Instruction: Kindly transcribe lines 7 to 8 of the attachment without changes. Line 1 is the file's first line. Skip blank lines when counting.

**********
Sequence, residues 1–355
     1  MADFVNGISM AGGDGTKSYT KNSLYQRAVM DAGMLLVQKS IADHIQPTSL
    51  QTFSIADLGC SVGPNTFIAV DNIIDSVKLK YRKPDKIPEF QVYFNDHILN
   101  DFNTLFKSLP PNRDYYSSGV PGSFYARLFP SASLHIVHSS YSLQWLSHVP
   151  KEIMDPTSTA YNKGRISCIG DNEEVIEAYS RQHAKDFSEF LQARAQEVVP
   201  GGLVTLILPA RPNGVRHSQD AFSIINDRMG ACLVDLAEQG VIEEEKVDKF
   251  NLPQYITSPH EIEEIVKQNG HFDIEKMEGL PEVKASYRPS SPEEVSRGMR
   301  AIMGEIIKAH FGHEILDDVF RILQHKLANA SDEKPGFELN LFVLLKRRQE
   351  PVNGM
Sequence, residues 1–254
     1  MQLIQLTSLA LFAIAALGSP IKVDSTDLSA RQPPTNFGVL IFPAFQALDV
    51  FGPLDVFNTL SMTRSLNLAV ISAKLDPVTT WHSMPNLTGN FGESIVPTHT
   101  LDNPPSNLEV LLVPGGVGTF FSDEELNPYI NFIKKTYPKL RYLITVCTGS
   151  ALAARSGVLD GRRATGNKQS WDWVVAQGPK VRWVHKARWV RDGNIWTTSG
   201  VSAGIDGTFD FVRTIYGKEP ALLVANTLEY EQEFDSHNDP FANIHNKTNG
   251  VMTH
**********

   251  NLPQYITSPH EIEEIVKQNG HFDIEKMEGL PEVKASYRPS SPEEVSRGMR
   301  AIMGEIIKAH FGHEILDDVF RILQHKLANA SDEKPGFELN LFVLLKRRQE